Red Cross extends agreement with mGive to use mobile for social good
The American Red Cross has extended its agreement with mGive to further engage supporters and raise funds using the mobile channel.
The two companies originally partnered in January to raise $33 million in donations for relief efforts in Haiti. Now, the companies plan to extend their partnership, and mGive will roll out a string of innovations to improve and refine the mobile giving sector.
“[The Haiti campaign] created a real opportunity to grow the mobile donations space with an innovative approach” Mr. Blanken said. “We can look at different applications and services and look at different price points.
“We are interested in finding what the price elasticity is like with various constituencies – is it $20?” he said. “What about recurring monthly donations?”
“All these things are going to be coming, and we’re rolling out test campaigns that may best be suited for various price points.”
Washington-based American Red Cross shelters, feeds and provides emotional support to victims of disasters. It supplies nearly half of the nation’s blood, teaches lifesaving skills, provides international humanitarian aid, and supports military members and their families.
MGive’s mobile payment service can generate mobile donations using calls to action in many channels, including traditional media, Web site widgets and social networks.
Partnership with Red Cross
The original collaboration between the Red Cross and mGive for the Haiti relief effort let mobile users text the keyword HAITI to 90999 to donate $10.
The companies pushed calls to action through a variety of media vehicles (see story).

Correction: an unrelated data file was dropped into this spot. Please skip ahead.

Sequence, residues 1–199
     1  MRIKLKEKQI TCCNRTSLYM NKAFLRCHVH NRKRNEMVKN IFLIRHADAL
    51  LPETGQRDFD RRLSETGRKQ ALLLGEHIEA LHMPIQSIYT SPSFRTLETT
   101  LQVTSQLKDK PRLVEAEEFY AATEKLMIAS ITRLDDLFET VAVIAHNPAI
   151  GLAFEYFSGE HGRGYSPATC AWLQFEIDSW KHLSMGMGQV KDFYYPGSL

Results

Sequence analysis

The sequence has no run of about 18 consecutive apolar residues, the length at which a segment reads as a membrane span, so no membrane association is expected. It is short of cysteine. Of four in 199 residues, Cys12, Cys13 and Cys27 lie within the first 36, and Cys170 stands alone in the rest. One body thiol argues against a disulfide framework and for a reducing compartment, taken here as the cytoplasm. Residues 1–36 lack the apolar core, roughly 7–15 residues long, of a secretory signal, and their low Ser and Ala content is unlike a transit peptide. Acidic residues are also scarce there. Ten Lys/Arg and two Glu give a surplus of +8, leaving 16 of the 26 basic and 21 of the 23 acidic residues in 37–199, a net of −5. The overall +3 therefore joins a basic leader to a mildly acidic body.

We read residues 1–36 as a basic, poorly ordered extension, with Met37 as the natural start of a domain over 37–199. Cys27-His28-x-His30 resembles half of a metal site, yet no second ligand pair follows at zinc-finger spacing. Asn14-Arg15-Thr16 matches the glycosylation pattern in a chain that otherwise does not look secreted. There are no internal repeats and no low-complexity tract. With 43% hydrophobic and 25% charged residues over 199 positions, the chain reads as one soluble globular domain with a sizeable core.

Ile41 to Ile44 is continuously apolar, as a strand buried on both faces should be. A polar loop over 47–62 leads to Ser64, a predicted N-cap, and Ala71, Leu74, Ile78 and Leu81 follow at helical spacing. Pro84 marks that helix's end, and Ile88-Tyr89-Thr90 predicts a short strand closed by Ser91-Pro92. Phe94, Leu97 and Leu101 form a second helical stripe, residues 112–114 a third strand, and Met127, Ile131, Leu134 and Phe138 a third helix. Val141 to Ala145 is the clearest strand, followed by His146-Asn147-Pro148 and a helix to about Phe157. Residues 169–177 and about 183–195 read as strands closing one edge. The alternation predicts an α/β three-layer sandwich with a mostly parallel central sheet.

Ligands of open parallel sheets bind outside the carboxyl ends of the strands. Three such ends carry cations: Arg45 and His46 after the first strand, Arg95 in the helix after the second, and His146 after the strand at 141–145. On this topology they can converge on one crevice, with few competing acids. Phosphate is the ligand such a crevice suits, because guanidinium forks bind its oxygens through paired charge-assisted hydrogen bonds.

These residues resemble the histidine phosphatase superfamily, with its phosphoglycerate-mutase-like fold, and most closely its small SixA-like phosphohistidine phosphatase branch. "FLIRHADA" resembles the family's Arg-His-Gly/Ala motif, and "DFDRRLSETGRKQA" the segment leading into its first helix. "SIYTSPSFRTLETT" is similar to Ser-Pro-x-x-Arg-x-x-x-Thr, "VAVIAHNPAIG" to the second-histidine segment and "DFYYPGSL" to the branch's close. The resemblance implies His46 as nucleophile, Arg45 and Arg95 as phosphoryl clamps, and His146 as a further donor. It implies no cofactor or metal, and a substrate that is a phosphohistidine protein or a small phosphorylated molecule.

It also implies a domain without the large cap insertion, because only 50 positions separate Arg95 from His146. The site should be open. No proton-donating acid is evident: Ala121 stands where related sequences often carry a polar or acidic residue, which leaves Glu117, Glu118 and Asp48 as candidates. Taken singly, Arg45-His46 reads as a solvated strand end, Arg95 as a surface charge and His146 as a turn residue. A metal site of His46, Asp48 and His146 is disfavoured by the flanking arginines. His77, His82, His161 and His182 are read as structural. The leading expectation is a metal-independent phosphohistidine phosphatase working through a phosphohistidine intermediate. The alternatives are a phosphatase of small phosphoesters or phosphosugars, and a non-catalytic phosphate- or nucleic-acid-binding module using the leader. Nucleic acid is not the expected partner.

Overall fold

During the campaign’s peak, the mGive platform was receiving 900 messages per second from participants.
The Red Cross and mGive want their extended partnership to encompass a broader range of SMS activities to facilitate information dissemination, send text reminders and sign-up volunteers for relief efforts.
“The goal is communicating with donors and constituencies through nontraditional means,” said Brad Blanken, chief operating officer at mGive, Denver. “For example, broadcasting to an opt-in list to people they know are interested in particular causes.
“We can say ‘Here is an event’ or ‘Here are some things you could do,’” he said. “’Here are Red Cross shelters where you can get some help or refer to other services using text messaging.
“We are developing a number of information services to help the nonprofit community engage those interested in helping.”
Driving charitable donations
Since the Haiti relief success, the two companies began looking for more ways to collaborate for charitable causes, including a text-to-give campain to fund Red Cross relief in Chile after a devastating earthquake in February.
Mobile users could text CHILE to 90999 to donate $10 to relief.
The companies also set up an all purpose channel for donations that lets mobile users text the keyword REDCROSS to 90999 to donate $10 to a general relief fund.
MGive says the creation of the channel was motivated by the legal requirement that says any text donations with a country as a keyword have to be used for charitable causes in that specific country.
The new channel will allow the Red Cross to disperse text donations with greater flexibility.
As the companies continue to explore new ways of soliciting charitable donations via mobile, it is clear that the medium will continue to be a boon to relief efforts across the world.
“When you look at the ability for someone to [donate via text], it’s almost like buying a pack of gum, that impulse purchase,” Mr. Blanken said. “It gives people the opportunity to feel that they are participating where previously they didn’t have a good means to do so.”
Peter Finocchiaro, editorial assistant at Mobile Commerce Daily, New York